The news about the bid to do away with the executive presidency and to change the electoral system in a hurry may be in the nature of exploratory statements to test the waters before plunging into them. The development of the concept and process therefrom have so far not been transparent and little is known beyond what has been reported in some news media. However, the possibility that the government is contemplating going ahead to ascertain the views of the people through a referendum, which is bound to be costly, seems to have reactivated the Election Commission. Election Commissioner RMAL Rathnayake has said that the fresh initiative had been taken as another effort to ensure that the long-overdue local council elections were conducted soon. He said they had also taken into consideration that the government’s financial position had improved now and that some of the court rulings related to the local council elections were due.
It seemed that the Election Commission had fallen to its nadir when a decision to cancel the nominations was agreed upon by the Ministerial Advisory Committee on Public Administration, Home Affairs, Provincial Councils and Local Government on September 20. This was after repeated requests by the Election Commission to the government treasury to release the funds needed to conduct the elections were ignored. The basis on which the elections were postponed was that the country did not have sufficient money to spend on conducting elections due to the economic crisis the country. The government also went a step beyond in its decision not to hold the elections when it ignored a supreme court ruling that the funds allocated in the national budget for local government elections should not be withheld. The delay in holding the local government elections forestalled a defeat that would have delegitimised the government at a time when it was focusing on efforts to rescue the economy.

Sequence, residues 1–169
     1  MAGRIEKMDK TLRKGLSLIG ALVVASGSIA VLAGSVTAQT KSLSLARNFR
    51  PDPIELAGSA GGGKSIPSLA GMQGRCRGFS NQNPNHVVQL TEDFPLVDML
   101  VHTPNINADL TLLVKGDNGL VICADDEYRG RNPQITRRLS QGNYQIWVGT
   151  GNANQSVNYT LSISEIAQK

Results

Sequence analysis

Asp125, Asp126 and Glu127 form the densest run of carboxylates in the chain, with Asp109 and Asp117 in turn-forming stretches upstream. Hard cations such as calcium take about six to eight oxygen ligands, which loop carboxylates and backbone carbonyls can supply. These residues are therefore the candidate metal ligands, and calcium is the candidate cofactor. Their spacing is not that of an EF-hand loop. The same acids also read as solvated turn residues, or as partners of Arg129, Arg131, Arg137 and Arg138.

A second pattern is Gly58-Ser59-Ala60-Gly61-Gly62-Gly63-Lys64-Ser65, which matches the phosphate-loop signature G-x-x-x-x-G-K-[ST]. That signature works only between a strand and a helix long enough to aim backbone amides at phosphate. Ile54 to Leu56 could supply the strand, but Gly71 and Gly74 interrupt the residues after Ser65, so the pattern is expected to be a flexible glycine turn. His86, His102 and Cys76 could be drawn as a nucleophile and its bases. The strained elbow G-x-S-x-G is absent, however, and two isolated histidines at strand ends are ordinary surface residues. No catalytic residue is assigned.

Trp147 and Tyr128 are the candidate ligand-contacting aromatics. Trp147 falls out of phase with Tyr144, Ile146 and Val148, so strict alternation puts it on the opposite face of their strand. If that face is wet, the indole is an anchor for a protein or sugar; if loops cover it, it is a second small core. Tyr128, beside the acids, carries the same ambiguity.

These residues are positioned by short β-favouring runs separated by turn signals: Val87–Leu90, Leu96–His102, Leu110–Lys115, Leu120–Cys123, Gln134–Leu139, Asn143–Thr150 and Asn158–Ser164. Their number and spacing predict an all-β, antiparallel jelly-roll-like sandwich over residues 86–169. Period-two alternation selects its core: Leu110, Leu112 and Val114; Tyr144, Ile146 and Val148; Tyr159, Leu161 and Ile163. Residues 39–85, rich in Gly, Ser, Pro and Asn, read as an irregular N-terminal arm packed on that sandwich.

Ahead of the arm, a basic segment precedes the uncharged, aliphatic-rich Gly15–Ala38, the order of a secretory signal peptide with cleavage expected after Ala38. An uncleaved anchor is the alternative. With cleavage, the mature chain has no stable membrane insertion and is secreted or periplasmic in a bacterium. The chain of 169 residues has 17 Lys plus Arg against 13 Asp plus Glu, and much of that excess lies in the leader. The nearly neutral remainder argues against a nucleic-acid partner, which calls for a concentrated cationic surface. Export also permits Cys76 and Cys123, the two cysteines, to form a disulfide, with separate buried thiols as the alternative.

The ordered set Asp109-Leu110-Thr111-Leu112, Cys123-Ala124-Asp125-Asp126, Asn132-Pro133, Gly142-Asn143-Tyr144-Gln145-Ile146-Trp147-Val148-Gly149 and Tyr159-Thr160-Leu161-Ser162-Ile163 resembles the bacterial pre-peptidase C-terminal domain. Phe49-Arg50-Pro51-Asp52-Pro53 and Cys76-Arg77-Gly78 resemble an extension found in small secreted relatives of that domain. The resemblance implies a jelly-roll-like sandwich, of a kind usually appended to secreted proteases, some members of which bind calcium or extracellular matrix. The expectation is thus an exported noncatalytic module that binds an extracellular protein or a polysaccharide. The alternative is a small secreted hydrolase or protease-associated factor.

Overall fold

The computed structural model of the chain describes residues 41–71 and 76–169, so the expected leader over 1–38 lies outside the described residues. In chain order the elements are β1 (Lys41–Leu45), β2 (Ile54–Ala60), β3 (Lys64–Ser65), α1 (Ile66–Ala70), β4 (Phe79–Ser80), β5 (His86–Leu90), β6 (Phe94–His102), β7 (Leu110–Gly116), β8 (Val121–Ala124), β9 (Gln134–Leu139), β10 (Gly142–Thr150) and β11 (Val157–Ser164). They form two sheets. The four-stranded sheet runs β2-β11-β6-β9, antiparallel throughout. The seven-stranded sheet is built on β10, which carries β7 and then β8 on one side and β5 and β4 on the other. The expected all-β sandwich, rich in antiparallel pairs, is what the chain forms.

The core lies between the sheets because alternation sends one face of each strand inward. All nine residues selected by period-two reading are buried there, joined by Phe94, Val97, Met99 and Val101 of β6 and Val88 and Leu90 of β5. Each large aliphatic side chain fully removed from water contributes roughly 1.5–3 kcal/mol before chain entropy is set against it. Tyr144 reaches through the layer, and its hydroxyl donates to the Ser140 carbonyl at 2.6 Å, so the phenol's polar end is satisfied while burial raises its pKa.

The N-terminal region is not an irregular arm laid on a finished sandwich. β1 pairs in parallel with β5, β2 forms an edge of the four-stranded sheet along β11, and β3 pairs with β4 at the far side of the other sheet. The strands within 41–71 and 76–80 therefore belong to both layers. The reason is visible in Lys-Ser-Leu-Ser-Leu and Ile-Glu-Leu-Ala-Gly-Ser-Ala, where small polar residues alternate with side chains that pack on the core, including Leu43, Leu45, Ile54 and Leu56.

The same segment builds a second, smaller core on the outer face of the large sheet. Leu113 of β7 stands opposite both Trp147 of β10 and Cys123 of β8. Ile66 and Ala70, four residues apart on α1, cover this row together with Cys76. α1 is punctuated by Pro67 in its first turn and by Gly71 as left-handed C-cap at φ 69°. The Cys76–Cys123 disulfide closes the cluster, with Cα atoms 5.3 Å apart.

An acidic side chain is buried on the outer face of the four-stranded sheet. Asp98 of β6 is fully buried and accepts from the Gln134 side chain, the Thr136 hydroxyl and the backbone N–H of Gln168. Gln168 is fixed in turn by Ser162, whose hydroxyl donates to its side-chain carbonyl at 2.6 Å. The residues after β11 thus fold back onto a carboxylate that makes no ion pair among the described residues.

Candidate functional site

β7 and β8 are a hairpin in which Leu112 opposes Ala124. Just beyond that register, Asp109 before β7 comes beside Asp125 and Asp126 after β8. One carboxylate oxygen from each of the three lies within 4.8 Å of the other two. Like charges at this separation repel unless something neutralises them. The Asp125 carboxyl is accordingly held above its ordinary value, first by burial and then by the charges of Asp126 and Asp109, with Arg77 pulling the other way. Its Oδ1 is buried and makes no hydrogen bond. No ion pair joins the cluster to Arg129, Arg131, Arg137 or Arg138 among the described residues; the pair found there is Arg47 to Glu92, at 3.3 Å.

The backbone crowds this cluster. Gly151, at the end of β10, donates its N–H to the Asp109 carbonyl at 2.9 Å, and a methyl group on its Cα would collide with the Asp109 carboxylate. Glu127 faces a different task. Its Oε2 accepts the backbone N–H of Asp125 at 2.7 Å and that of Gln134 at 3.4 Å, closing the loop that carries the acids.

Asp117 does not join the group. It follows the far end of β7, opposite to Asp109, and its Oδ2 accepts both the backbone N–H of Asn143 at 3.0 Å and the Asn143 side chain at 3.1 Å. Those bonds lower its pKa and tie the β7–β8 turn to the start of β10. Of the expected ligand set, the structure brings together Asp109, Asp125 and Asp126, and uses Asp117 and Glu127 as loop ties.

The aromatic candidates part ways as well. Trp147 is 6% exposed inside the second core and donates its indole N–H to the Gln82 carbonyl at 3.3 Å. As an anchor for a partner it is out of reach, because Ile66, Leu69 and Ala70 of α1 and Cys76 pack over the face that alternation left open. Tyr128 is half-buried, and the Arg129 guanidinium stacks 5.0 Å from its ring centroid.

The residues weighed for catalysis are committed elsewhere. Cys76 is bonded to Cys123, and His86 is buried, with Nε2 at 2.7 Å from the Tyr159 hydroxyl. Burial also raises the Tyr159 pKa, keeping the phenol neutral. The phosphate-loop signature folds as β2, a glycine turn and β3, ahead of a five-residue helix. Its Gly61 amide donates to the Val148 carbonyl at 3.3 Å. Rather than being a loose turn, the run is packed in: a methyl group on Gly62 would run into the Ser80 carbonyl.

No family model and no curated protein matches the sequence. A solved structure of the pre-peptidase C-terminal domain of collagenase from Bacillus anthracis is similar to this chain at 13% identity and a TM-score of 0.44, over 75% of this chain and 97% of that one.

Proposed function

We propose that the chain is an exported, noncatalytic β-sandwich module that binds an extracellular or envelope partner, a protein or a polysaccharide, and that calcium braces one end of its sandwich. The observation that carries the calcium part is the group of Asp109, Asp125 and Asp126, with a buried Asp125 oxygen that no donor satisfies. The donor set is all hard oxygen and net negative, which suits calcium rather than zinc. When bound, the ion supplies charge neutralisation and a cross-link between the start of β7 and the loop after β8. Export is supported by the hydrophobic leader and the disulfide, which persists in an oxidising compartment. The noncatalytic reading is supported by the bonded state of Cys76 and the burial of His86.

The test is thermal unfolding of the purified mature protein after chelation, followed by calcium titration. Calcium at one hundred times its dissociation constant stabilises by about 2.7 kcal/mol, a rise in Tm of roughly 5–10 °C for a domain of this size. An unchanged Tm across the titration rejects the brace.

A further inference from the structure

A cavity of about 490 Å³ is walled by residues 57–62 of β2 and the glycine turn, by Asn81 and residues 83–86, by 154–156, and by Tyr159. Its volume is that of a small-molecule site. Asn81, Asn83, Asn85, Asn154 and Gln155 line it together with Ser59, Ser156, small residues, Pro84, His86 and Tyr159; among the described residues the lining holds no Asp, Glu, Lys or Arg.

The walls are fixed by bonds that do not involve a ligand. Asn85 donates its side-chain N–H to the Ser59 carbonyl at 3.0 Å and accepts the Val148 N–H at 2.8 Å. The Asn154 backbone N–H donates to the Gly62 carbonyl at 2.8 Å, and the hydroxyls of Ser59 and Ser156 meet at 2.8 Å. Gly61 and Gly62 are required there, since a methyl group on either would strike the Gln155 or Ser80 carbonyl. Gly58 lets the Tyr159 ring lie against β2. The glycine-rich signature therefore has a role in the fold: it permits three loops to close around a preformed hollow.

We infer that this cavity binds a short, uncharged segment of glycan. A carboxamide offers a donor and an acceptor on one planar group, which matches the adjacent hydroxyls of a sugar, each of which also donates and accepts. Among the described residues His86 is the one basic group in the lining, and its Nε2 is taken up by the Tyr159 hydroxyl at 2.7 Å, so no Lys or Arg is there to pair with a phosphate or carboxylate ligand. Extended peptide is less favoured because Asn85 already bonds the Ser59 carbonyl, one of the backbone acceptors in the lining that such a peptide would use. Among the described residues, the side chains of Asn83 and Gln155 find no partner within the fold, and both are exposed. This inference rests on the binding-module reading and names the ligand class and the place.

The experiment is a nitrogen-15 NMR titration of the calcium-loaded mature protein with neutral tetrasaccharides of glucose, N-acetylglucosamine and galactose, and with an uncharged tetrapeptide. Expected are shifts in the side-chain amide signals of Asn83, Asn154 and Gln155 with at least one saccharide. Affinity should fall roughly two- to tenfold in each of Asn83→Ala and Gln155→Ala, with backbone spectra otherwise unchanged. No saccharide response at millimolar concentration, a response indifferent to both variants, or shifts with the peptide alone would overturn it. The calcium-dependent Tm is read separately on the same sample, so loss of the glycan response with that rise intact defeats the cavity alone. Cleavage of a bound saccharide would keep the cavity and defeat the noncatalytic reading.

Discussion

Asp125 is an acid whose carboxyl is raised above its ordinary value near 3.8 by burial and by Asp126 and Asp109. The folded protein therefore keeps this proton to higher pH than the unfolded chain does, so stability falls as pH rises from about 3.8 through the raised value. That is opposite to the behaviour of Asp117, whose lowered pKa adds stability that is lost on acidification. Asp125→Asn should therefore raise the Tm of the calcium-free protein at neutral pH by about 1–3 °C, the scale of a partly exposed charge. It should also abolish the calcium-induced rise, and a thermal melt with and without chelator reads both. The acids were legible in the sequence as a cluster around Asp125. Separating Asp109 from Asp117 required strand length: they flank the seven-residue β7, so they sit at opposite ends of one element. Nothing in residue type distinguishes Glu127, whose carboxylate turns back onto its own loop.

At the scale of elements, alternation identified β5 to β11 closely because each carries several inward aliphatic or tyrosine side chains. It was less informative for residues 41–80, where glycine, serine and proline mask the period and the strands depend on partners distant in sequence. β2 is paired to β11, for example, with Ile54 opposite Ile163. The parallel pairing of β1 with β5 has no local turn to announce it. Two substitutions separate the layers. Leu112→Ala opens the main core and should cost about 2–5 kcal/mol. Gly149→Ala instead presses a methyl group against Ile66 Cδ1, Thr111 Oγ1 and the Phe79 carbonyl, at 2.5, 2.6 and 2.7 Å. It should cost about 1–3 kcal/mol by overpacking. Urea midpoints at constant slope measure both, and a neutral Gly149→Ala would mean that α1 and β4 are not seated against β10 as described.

The government’s decision to ignore the supreme court ruling regarding the conducting of elections that had fallen due and were overdue indicates a democracy that is going off course. It is to be hoped that a similar disregard for the courts will not be shown by the government. The Election Commission’s attempt to get reactivated after its enforced period of hibernation and to hold the local government elections is a positive sign that the institutional integrity of certain core mechanisms remains intact. This would provide a positive feedback loop so that other government agencies could also act with similar creativity and integrity when the time is opportune and they are called upon to deliver. This would be particularly true of the judiciary which ought to be the equal of the executive and legislature in a well-functioning democracy.